Students who have been in care set to benefit from largest ever philanthropic donation for Sussex undergraduates
By: Anna Ford
Last updated: Monday, 3 October 2022
A new £600,000 scholarship programme supporting University of Sussex students who have been in care is to be rolled out this academic year, following the largest ever philanthropic donation for undergraduate students studying at Sussex.
The ten-year programme will be funded by the philanthropic Rudd Family Foundation, which was co-founded by long-term supporters of the university Andrew and Jinny Rudd, and which supports educational and youth activities in the US and UK. The foundation will finance an annual £5,000 bursary every year for a number of young people studying at Sussex, who have previously been in care, across all years of study. Starting this academic year, a new cohort of care experienced students will receive the money in termly instalments over three years.
The endowment will be known as the Andrew Rudd Scholarships Program after Professor Rudd, who is a Sussex alumnus, graduating with a BSc in mathematics in 1971, and a former chair and president of US charity Friends of the University of Sussex. Research shows that young people who have been in care have significantly poorer educational and life outcomes than the general population on average. This generous scholarship is intended to support care experienced students’ living costs whilst at Sussex, to enable them to make the most of their student experience and fulfil their potential.
Professor Sasha Roseneil, Vice-Chancellor at the University of Sussex, said:
“Young people who have experienced the care system are hugely under-represented in higher education, and, when they do make it to university, often struggle due to the lack of family support that other students take for granted. We want both to encourage care-experienced applicants to come to Sussex, and then to enable them to make the most of their time as students, succeeding academically and graduating with the skills and knowledge to thrive in their lives after university.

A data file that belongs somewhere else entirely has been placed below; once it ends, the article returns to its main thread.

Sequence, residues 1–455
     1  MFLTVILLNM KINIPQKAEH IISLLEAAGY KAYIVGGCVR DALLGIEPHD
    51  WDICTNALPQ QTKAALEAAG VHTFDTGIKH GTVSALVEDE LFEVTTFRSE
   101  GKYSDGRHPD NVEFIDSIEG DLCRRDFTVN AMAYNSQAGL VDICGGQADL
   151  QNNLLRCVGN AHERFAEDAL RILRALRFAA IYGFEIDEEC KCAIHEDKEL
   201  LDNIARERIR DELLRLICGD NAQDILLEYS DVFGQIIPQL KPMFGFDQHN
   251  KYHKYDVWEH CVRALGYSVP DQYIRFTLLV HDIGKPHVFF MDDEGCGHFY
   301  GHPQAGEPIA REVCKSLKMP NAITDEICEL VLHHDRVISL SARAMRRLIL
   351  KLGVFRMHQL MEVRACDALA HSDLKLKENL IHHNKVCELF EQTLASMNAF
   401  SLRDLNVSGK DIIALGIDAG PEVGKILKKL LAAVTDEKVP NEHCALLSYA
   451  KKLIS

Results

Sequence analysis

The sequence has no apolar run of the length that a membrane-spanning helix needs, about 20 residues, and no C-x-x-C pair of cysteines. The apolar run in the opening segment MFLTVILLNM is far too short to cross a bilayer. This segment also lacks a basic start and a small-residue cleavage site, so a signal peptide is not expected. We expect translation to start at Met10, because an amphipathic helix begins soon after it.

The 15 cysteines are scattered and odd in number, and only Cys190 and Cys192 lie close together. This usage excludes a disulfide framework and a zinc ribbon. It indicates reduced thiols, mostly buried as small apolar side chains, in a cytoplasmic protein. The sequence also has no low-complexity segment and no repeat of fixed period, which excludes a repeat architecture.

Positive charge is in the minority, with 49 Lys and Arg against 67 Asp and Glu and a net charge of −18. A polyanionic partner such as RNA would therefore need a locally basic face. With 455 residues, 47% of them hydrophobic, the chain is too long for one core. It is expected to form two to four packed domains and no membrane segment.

“We are therefore hugely grateful to the Rudd Family Foundation for supporting our ambitions for this group of students through the Andrew Rudd Scholarship Program. It will make an enormous difference to our students, providing them with options and opportunities that would otherwise be out of reach.
“Our intention is to build on our long-standing tradition of widening participation in higher education, so that more young people who have experienced care are able to realise their potential through a Sussex education. The Rudd family’s immense generosity is making this possible.”
Jinny Rudd, co-founder of the Rudd Family Foundation, said:
"Education has always been important to Andrew and our family as a way to expand opportunities and choices in life. Andrew began his university career as an undergraduate at Sussex University and, with his degree and preparation from Sussex, he went on to earn two master's degrees and a PHD from the University of California in Berkeley CA opening up a career in academia as a Professor at Cornell University and then in the business world.
“Andrew now suffers from Alzheimer's, but we know he would feel privileged that this scholarship will be made available to help support students, who have challenges in their lives, on their educational journeys.
“In this way his belief and passion for education can be passed on to students just beginning their university careers.
Jinny Rudd continued: "I wish all students success in their lives moving forward.”
The number of young people in care in the United Kingdom has risen significantly in the last decade, with this figure likely to reach 100,000 in the next few years. Currently, according to the Office For Students, only 13% of pupils who have been in care for 12 months or more entered higher education, compared to a national average of 43% across all student groups.